Wow, Prismatic! How wonderful to have met Mr. Wendell himself!

I grew up in Boston and was introduced to Hu Kwa in the early 70's by a beloved piano teacher. She taught me how to brew it and said it was the best one could get, since the revolution had destroyed the privately owned estates on the Chinese mainland. (She had a last ancient box half-full of individual leaves rolled and tied with red silk--a gift from a wealthy student whose family used to own an estate and import their personal supply.)

Fortunately, the Chinese tea harvest has recovered and is available to us again. But Hu-Kwa is still one of my all-time favorites, both for itself and its place in the romantic history of the Boston tea trade.
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Postby cyberhoofer » Jun 19th, '09, 10:19

You might also give a try to Tarry Lapsang Souchong. Coming from Formosa (i.e. former Taiwan!!), they are just a fraction 'weaker' than Chinese Lapsang in leaf intensity / liquor, but a tad heavier in the 'husky' overtones.

I bought mine in Finland, but I take it you'd find outstanding Tarrys in the States from any reputable online vendor.

Compared to Darjeelings (in my mind)) a Tarry L.S. is a sort of 1st Flush as opposed to Chinese Lapsangs (2nd Flush in DJs).

Just my cup'o'tea, but hope I was able to unpuzzle your future brews...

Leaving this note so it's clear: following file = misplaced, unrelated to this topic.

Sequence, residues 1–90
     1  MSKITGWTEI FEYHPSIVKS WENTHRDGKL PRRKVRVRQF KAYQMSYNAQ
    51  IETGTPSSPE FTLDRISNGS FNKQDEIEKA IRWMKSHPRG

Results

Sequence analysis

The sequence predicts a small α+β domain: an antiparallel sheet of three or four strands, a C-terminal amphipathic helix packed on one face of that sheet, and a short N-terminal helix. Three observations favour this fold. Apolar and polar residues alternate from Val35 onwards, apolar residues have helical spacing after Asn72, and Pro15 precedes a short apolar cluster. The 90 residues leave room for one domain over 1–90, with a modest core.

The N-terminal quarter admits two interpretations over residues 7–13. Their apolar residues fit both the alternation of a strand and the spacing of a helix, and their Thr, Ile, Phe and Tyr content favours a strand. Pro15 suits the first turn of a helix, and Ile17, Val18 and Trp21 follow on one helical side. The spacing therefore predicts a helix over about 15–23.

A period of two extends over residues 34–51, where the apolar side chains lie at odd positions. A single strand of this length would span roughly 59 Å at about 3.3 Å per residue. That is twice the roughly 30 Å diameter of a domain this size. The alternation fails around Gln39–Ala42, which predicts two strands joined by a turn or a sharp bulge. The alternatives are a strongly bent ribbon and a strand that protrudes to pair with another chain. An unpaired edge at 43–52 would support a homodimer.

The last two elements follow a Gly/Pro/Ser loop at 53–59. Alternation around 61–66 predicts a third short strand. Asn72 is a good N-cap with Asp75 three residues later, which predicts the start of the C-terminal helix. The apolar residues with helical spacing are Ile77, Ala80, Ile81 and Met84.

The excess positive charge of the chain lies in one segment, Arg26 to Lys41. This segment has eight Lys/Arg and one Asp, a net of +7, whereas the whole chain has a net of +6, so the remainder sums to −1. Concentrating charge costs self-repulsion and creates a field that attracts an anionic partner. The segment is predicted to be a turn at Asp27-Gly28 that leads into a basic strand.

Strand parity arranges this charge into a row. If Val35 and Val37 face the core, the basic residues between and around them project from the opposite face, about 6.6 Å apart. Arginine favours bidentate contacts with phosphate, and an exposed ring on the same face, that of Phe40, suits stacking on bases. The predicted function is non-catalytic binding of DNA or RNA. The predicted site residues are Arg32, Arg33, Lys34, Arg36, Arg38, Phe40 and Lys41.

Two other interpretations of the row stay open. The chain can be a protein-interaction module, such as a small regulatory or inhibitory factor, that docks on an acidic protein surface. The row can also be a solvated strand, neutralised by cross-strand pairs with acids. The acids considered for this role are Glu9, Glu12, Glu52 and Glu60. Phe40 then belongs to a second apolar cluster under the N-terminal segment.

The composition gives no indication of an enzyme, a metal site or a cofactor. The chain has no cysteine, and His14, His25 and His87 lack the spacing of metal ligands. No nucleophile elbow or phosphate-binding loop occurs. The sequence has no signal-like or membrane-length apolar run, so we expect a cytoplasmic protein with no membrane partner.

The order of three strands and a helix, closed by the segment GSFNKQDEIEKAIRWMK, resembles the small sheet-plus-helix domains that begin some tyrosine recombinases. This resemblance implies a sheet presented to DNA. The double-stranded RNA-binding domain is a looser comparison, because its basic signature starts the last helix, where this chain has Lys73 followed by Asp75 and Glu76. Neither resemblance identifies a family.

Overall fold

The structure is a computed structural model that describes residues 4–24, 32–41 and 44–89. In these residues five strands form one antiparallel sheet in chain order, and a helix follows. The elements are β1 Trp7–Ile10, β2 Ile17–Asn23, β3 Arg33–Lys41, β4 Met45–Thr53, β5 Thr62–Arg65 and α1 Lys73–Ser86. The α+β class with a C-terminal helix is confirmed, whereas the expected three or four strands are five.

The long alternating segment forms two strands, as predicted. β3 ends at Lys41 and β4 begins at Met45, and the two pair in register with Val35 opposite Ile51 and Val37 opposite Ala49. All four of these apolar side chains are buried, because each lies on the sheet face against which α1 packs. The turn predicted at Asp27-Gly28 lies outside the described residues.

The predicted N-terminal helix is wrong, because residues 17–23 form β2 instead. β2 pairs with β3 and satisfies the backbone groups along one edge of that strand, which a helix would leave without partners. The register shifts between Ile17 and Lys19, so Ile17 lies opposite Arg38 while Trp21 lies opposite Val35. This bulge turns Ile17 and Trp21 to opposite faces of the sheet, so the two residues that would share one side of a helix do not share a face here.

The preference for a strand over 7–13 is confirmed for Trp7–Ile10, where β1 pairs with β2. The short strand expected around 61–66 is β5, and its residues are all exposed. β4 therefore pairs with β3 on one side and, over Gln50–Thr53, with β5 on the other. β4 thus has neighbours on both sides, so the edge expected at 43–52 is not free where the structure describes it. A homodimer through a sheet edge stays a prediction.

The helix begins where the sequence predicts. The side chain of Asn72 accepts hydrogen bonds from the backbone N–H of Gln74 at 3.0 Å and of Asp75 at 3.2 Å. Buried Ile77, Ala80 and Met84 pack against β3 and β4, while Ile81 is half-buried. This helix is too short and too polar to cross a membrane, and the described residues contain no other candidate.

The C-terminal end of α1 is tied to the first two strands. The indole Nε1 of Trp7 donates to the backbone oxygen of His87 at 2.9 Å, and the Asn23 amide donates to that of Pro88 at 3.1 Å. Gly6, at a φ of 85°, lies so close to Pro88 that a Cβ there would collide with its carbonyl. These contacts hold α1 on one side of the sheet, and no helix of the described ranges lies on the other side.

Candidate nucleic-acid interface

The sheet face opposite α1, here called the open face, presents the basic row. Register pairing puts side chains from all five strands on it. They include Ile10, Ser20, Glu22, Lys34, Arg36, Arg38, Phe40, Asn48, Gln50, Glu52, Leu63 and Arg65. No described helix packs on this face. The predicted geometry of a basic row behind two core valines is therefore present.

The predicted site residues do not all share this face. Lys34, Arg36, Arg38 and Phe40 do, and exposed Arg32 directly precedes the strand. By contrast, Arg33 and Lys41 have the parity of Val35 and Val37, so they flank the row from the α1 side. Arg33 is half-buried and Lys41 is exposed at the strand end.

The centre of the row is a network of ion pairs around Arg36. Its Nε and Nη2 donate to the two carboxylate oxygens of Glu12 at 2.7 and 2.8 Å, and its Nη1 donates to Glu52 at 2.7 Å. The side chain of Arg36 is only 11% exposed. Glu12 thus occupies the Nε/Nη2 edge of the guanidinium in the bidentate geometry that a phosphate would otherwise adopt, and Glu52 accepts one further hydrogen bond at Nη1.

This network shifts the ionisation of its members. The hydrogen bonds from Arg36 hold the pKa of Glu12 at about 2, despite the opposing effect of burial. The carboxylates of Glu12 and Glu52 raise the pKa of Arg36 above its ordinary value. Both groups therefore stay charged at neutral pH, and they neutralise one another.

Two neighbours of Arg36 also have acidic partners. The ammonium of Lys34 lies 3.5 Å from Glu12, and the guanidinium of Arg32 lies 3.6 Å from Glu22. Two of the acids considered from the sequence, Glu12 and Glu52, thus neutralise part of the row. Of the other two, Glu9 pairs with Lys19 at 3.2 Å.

-cyberhoofer-

P.S. You can't overbrew a Tarry, it nerver gets bitter(ish)!
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Postby jennytea » Jun 20th, '09, 18:04

They had a limited selection at the store I went to but I did find Lapsang Souchong! I didn't try it yet, but the smell is not as strong or overpowering as I expected. I can't wait to try it!
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Postby Dronak » Jun 22nd, '09, 19:19

I like the smoky flavor of lapsang souchong. It's certainly noticeable, but I don't find it overpowering. I'm sure the exact strength of the flavor can vary though, and you might find that you don't like the smoky flavor at all. But for what it's worth, I do like it, and if I want something a little different than my usual black tea or (masala) chai, I go to lapsang souchong.
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Postby brad4419 » Jun 23rd, '09, 08:04

entropyembrace wrote:I love my smokey teas! :lol:

They can be mixed though if the leaf quality isn't good you'll end up with a flat taste overpowered by the smoke and it won't be a very pleasant experience. You should be looking for something that looks like a good keemun tea...evenly chopped leaf buds. The best Lapsang Souchong is from Wuyi and with the Russian Caravan I think it's important to look for aroma notes other than the smoke since it's a blend of Lapsang Souchong with other teas.

here's a photo of AAA grade lapsang souchong from Wuyi :)

it's available at http://www.jingteashop.com/pd-red-tea-z ... -zhong.cfm and is my favourite Lapsang Souchong.

Image


entropyembrace Im adding that lapsang to my list of teas to try.